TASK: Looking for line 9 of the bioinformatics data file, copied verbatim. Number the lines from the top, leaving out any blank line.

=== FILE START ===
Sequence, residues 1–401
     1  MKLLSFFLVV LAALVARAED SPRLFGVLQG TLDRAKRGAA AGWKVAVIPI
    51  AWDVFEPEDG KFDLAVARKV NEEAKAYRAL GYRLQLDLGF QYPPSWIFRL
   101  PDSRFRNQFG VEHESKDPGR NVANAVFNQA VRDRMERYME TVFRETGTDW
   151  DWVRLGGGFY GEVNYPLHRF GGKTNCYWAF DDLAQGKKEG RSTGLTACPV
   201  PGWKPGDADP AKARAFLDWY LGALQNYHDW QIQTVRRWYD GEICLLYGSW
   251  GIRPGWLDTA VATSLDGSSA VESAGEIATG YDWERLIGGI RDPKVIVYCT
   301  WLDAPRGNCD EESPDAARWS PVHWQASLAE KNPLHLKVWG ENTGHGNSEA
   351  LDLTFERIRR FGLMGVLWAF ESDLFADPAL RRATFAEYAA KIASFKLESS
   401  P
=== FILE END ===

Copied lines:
   351  LDLTFERIRR FGLMGVLWAF ESDLFADPAL RRATFAEYAA KIASFKLESS